This Postdoctoral Training Program in Cancer Survivorship has a unique focus on cancer survivorship. Advances in cancer treatments and our aging population have led to an increasing number of cancer survivors and this number is expected to continue to increase by a third to 18 million people by 2012. Cancer survivors deal with many issues such as symptom management, access to treatment, preventing recurrence, and long- term or late effects of cancer treatments. Research is needed to better understand these issues and to develop interventions to reduce morbidity from cancer and improve quality of life for cancer survivors. The complexity of these issues involves knowledge of epidemiology, social and behavioral sciences, clinical oncology, health services research, cancer biology and genetics. The Cancer Education and Career Development Training Program (CECDP) is an ideal mechanism for training researchers in this field. This is a renewal application to continue the successful Postdoctoral Training Program in Cancer Survivorship at Wake Forest University Health Sciences. This two to four year postdoctoral training program for social/behavioral scientists, epidemiologists, and physicians aims to develop investigators with new research skills and interdisciplinary training focused on the design and implementation of cancer survivorship research. The program is multidisciplinary and collaborative with respect to its faculty and training approach, the research projects of trainees, and the backgrounds of the trainees themselves. The training program provides a specialized curriculum in cancer survivorship and a tailored program for each trainee that combines formal course work and hands-on experience in survivorship research under the guidance of at least two well- qualified mentors with a large, peer-reviewed funded research base. The tailored program can also lead to an M.S. degree in Clinical and Translational Science. All trainees receive formal training in cancer survivorship, NIH grant preparation, training in the responsible conduct of research, and participate in interdisciplinary seminars and interest groups. The program provides practical training in research including working in an interdisciplinary team, selecting a research design, ethics in research, guidelines for the use of human subjects in research, grant preparation, patient recruitment, collecting and analyzing data, presentations at scientific meetings, and writing manuscripts for publication. Trainees have opportunities to collaborate with our CCOP Research base, the Maya Angelou Center for Health Equity, multi-site studies and cooperative groups, and the Center for Integrative Medicine. Study populations include the underserved, elderly, and rural populations. Trainees will have the opportunity to experience basic, clinical and population research environments, as well as take advantage of the interdisciplinary activities and full resources of the Comprehensive Cancer Center of Wake Forest University and Wake Forest University Health Sciences.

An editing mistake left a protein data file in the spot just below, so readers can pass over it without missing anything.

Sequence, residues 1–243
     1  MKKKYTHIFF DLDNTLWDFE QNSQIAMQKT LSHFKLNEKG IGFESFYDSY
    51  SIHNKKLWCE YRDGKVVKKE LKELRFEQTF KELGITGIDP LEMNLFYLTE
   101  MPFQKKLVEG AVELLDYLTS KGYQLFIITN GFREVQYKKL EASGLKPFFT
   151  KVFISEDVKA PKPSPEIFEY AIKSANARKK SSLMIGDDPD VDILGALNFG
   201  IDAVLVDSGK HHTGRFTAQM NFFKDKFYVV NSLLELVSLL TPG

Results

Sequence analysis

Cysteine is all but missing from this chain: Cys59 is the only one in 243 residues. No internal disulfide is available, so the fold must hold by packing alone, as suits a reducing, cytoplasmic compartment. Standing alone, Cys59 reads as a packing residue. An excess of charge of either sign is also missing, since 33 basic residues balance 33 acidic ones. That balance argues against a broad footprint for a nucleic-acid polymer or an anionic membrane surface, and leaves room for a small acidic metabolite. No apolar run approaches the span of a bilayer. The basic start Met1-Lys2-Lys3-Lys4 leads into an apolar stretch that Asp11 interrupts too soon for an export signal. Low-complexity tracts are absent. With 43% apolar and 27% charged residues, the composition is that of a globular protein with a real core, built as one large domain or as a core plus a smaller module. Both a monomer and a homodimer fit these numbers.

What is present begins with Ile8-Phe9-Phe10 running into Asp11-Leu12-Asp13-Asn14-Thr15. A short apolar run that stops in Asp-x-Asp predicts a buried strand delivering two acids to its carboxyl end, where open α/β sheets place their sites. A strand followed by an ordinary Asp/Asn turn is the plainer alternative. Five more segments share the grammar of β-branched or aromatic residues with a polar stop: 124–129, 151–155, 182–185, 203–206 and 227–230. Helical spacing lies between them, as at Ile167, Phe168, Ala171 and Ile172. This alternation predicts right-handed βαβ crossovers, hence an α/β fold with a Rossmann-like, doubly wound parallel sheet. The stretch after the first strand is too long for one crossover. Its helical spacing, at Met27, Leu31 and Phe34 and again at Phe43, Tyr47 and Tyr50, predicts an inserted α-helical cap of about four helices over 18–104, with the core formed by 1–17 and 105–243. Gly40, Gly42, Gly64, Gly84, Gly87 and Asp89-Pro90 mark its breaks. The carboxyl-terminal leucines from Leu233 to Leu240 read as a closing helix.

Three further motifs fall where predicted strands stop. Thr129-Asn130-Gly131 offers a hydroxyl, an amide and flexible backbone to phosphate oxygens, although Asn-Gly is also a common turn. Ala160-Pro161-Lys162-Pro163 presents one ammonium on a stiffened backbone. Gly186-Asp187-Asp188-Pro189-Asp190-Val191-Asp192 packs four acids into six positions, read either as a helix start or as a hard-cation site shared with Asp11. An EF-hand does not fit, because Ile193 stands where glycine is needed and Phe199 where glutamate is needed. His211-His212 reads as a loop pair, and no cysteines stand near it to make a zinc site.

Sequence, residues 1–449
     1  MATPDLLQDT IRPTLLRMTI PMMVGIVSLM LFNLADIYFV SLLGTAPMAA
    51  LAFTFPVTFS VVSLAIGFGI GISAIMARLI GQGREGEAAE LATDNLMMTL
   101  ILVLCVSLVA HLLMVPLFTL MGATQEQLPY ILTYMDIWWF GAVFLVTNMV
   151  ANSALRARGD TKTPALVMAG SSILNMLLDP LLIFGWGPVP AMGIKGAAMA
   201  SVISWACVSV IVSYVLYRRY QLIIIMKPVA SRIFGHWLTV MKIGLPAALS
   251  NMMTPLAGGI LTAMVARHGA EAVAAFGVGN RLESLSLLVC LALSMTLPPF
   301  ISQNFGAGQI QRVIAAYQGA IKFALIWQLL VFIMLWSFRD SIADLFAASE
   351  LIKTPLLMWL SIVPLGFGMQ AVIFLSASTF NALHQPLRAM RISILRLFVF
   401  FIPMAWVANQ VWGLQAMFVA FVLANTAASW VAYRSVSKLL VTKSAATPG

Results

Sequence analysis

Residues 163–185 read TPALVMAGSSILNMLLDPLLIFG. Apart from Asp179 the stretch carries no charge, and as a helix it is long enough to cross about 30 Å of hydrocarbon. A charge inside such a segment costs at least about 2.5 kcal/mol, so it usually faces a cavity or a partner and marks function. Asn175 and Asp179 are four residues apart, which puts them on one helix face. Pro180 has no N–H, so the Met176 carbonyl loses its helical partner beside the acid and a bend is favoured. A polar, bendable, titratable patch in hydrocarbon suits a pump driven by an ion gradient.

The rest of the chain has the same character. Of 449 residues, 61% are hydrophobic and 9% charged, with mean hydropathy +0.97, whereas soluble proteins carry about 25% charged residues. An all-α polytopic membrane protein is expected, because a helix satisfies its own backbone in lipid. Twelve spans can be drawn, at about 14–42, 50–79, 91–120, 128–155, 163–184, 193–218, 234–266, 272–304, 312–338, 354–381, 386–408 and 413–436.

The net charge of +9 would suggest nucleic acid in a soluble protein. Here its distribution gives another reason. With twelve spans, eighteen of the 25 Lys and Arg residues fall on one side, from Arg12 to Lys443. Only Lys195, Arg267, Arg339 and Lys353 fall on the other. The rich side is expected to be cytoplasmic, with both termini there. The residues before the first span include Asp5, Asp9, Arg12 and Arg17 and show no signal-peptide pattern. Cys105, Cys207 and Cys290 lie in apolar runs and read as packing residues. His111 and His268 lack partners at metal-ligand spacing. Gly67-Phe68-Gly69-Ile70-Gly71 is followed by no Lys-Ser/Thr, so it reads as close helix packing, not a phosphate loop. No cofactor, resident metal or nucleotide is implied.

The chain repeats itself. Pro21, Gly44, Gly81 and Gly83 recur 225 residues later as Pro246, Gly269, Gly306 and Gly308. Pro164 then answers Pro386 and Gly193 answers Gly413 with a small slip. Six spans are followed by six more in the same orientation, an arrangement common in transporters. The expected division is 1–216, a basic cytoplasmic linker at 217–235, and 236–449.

Our aging population and advances in cancer treatments have led to a rapidly growing number of cancer survivors who deal with many issues such as symptom management, access to treatment, preventing recurrence, and long-term or late effects of cancer treatments. Multidisciplinary research is needed to better understand these issues and to develop interventions to reduce morbidity from cancer and improve quality of life for cancer survivors. The continuation of this postdoctoral multidisciplinary training grant will serve to train PhD and MD level scientists to become effective researchers in the area of cancer survivorship and address complex issues across disciplines.
|Lucas, Alexander R; Levine, Beverly J; Avis, Nancy E (2017) Posttreatment trajectories of physical activity in breast cancer survivors. Cancer 123:2773-2780|
|Steffen, Laurie E; Du, Ruofei; Gammon, Amanda et al. (2017) Genetic Testing in a Population-Based Sample of Breast and Ovarian Cancer Survivors from the REACH Randomized Trial: Cost Barriers and Moderators of Counseling Mode. Cancer Epidemiol Biomarkers Prev 26:1772-1780|
|Focht, Brian C; Garver, Matthew J; Lucas, Alexander R et al. (2017) A group-mediated physical activity intervention in older knee osteoarthritis patients: effects on social cognitive outcomes. J Behav Med 40:530-537|
|Keim-Malpass, Jessica; Mihalko, Shannon L; Russell, Greg et al. (2017) Problems Experienced by Ovarian Cancer Survivors During Treatment. J Obstet Gynecol Neonatal Nurs 46:544-554|
|Lucas, Alexander R; Focht, Brian C; Cohn, David E et al. (2017) Recruiting Endometrial Cancer Survivors to Studies Examining Lifestyle Behaviors and Quality of Life: Challenges Faced and Lessons Learned. J Cancer Educ :|
|Datta, Mridul; Shaw, Edward G; Lesser, Glenn J et al. (2017) A Randomized Double-Blind Placebo-Controlled Trial of Fruit and Vegetable Concentrates on Intermediate Biomarkers in Head and Neck Cancer. Integr Cancer Ther :1534735416684947|
|Sohl, Stephanie J; Danhauer, Suzanne C; Birdee, Gurjeet S et al. (2016) A brief yoga intervention implemented during chemotherapy: A randomized controlled pilot study. Complement Ther Med 25:139-42|
|Lim, Jung-Won; Paek, Min-So (2016) Recruiting Chinese- and Korean-Americans in Cancer Survivorship Research: Challenges and Lessons Learned. J Cancer Educ 31:108-14|
|Paek, Min-So; Lim, Jung-Won (2016) Understanding the Stress Process of Chinese- and Korean-American Breast Cancer Survivors. J Immigr Minor Health 18:1159-67|
|Nightingale, Chandylen L; Curbow, Barbara A; Wingard, John R et al. (2016) Burden, quality of life, and social support in caregivers of patients undergoing radiotherapy for head and neck cancer: A pilot study. Chronic Illn 12:236-45|
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